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In the office of the Employees Provident Fund in Bandra, Mumbai, senior social security assistant Juje Jacki Harnodkar Siddi, has to deal with many irate citizens cribbing about their money being stuck with the government. In this bustling building, with his shoulder-length dreadlocks partly covered in a bandana, his voice a gentle whisper, Juje stands out for the way he looks and the way he moves—light on his feet, like an athlete.

This weekday lunch hour, he is also thinking about the upcoming inter-departmental sports competition where, one would imagine, he would be the star performer. But he grins and admits that his running days are way behind him.

The 41-year-old was once selected for a government-run programme to find India’s next great athlete or athletes from among marginalized groups of people. In the late 1980s, an ambitious project of the Special Area Games (SAG) programme spearheaded by the then sports minister Margaret Alva was implemented in Gujarat and Karnataka. Believing that the best athletes in the world, as showcased by the Los Angeles Olympics of 1984, were of African origin, SAG—formed in 1985 to find special talent outside of major cities—decided to search among the Siddis, a tribe whose origins can be traced back to south-east Africa.

So in 1988, athletics coach Sunder Raju and other officials of the Sports Authority of India (SAI) travelled to the Gir National Park in Gujarat to find the little-known Siddis, many of whom had settled in this part of the world. In Karnataka, the same story repeated: in Haliyal, Karwar district, from villages like Yellapura and Mundgod, more Siddi children were rounded up by SAI coaches and told to run. Several were selected, sent to SAI centres across the country for further testing and training. One among them was 16-year-old Juje.

A few years later, by 1992-93, the initiative ended, with the existing Siddis in camps weeded out and left to fend for themselves. Some founds jobs, others returned to their villages. The genetic supremacy theory that the government wanted to explore lay in ruins.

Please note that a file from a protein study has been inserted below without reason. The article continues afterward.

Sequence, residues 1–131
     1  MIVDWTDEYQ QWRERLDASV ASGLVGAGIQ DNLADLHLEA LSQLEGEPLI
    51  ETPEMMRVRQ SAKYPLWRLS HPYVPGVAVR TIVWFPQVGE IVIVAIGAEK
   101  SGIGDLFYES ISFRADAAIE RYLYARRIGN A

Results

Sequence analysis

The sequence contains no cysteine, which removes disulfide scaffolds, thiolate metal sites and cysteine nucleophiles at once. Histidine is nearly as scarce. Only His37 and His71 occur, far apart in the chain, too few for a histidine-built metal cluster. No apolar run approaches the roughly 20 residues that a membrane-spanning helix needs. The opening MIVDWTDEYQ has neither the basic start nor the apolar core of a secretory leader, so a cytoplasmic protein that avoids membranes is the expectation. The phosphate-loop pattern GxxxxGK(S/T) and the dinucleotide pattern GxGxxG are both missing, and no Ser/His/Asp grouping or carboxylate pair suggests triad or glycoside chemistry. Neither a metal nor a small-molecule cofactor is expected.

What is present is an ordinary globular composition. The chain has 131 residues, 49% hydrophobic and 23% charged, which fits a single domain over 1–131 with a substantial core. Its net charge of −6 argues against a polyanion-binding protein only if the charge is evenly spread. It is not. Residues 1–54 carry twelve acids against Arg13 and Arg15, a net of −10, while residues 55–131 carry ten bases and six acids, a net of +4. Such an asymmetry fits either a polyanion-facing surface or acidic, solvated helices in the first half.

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Suresh Saluvador Siddi was 12 when he was selected by the Sports Authority of India and 18 by the time he left. Photo: Aniruddha Chowdhury/Mint

There is no clear scientific evidence in this case whether the Siddis’ origins made them natural-born athletes. But those who supported the programme say their performance in that short period of time proves they had potential. “What we got were malnourished children," says Rachana Govil, then SAI’s assistant director in Bangalore, whose late husband Ravannan was one of the coaches for the project. “Inspite of that, with just some months of training, they were winning medals and breaking records."

There is a combination of reasons why this project petered out.

One, there was just not enough talent to find. “The SAG programme is still running, but we are not getting any talent," says Satish K. Sarhadi, SAI’s deputy director in Mumbai.

Others said the results were not great. “They wanted us to do everything in four years. We had come from villages where we had no concept of competitions. The pressure was too much—to study and train," says Louis Ishanti Brigi, 39, who competed in the long jump and triple jump.

The other more insidious theory is of internal politics, infighting between several directors of SAI, of jealousy and rivalry. Once the then director of SAG, officer on special duty, B.V.P Rao, got transferred and coach Ravannan passed away, the focus shifted from the Siddis. “I don’t know what happened after I got transferred," says Rao from Hyderabad. “Others who came in my place may have wanted to do things differently."